Adequacy of Web-Based Activities as a Substitute for In-Person Activities for Older Persons during the COVID-19 Pandemic: Survey Study

Jiska Cohen-Mansfield, Aline Muff, Guy Meschiany, Shahar Lev-Ari

Research output: Contribution to journalReview articlepeer-review

Abstract

Background: Senior centers and other types of clubs provide activities for older adults to address boredom, social isolation, and loneliness. Due to the COVID-19 pandemic, most of these activities have been cancelled. A limited range of web-based activities have been offered as alternatives. However, the effectiveness of these web-based group activities for older adults has scarcely been researched. Objective: We aimed to understand the extent to which web-based activities for older adults provide an adequate substitute for in-person activities. Methods: In this telephone survey, we interviewed 105 older adults in Israel who had been offered the opportunity to participate in web-based activities after routine activities closed due to the COVID-19 pandemic. Of the total sample, 49/105 (46.7%) participated in the activities and 56/105 (53.3%) did not. We inquired about the respondents'background characteristics, satisfaction with the activities, and reasons for participation or nonparticipation. Results: The respondents who participated in the web-based activities tended to be highly satisfied with at least some of them. They rated the enjoyment derived from the content of the activity as the most important motivator, followed by maintaining a routine and by enjoying the group and the presence of others. Over 50% of the participants (28/49, 57%) wished to continue with the exercise programming after the end of the COVID-19 pandemic, and 41% (20/49) wished to continue with the web-based lectures. Participants were more likely to report partaking in alternative activities than nonparticipants (P=.04). The most common reasons cited by nonparticipants were being unaware of the web-based program (24/56, 43%) despite a notification having been sent to the entire sample, lack of interest in the content (18/56, 32%), and technical issues (13/56, 23%), such as not owning or being able to fully use a computer. Both participants and nonparticipants were interested in a wide range of topics, with many being very particular about the topics they wished to access. Approximately half expressed willingness to pay for access; those who were willing to pay tended to have more years of education (P=.03). Conclusions: Our findings suggest a need for web-based activities for countering boredom and feelings of isolation. The main factors that influence the use, efficacy, and sustainability of online activities are access, motivational and need-fulfilling factors, and whether the activities are sufficiently tailored to individuals' preferences and abilities. Challenges in substituting in-person services are promoting social relationships that are currently not sufficiently incorporated into most web-based programs, accommodating a wider range of topics, and increasing the accessibility of current programs to older adults, especially those who are homebound, both during and after the COVID-19 pandemic.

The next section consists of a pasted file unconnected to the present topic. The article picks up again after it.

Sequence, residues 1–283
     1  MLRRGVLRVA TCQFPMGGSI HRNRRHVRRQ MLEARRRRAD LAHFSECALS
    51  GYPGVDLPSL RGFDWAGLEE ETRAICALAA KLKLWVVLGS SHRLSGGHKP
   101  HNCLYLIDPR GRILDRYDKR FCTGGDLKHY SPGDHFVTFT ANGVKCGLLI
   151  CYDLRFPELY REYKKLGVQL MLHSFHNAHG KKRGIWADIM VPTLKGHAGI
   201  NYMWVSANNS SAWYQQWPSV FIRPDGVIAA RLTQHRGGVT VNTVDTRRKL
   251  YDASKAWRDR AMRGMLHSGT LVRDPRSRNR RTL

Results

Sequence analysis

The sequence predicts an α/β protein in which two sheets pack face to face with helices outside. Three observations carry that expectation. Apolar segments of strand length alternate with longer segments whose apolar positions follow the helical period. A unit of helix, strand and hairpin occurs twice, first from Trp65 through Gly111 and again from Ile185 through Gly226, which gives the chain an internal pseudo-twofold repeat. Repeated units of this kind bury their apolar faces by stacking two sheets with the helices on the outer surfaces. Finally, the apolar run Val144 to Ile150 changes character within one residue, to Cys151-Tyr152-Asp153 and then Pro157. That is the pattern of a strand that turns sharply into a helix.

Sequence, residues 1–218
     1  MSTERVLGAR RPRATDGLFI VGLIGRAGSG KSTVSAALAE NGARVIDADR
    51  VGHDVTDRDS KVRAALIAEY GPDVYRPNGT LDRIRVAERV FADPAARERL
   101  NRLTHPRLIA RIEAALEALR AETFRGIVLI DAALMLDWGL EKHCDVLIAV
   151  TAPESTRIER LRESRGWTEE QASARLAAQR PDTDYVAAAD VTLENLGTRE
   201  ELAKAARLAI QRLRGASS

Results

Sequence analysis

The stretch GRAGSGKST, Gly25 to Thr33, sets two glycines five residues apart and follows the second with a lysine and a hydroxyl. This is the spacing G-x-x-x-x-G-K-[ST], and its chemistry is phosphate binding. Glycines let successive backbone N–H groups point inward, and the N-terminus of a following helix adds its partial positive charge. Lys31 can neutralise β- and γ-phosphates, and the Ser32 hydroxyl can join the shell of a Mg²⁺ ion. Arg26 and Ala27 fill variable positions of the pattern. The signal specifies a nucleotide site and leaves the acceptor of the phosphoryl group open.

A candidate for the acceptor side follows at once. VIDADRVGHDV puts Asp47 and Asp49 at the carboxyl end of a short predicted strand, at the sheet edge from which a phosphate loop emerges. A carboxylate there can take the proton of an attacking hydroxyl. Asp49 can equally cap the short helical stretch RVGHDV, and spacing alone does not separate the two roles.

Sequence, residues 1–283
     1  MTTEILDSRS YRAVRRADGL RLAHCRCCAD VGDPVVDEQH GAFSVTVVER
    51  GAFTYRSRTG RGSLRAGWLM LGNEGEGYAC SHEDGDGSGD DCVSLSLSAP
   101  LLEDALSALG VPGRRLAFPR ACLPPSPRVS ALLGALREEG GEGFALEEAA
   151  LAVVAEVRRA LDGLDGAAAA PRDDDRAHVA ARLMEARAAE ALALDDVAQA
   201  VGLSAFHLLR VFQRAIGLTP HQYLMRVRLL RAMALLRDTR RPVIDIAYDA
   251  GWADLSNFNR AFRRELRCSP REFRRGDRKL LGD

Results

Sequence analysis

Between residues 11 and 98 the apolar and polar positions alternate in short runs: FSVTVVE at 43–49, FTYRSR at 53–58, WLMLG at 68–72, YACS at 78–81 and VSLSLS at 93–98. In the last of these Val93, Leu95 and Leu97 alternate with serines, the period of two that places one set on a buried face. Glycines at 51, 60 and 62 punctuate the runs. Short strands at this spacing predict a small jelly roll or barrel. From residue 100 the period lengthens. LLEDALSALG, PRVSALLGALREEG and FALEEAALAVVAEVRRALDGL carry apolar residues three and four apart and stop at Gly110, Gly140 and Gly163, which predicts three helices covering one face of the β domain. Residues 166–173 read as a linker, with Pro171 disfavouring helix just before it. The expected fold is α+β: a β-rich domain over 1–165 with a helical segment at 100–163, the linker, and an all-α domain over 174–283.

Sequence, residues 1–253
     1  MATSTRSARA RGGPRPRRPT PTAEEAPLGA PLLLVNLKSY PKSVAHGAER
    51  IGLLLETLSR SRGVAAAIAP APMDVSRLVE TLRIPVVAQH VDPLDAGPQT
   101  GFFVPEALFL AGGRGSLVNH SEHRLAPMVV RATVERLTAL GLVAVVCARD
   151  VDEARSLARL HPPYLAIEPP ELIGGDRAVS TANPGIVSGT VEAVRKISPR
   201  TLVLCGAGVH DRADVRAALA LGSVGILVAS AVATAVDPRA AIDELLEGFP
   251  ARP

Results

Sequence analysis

Original languageEnglish
Article number25848
JournalJournal of Medical Internet Research
Volume23
Issue number1
DOIs
StatePublished - Jan 2021

Keywords

  • Activities
  • Activity
  • Boredom
  • Covid-19
  • Effectiveness
  • Elderly
  • Engagement
  • Isolation
  • Loneliness
  • Older adult
  • Online activity
  • Pandemic
  • Senior
  • Social engagement
  • Technology barriers for seniors
  • Web-based venues for older adults

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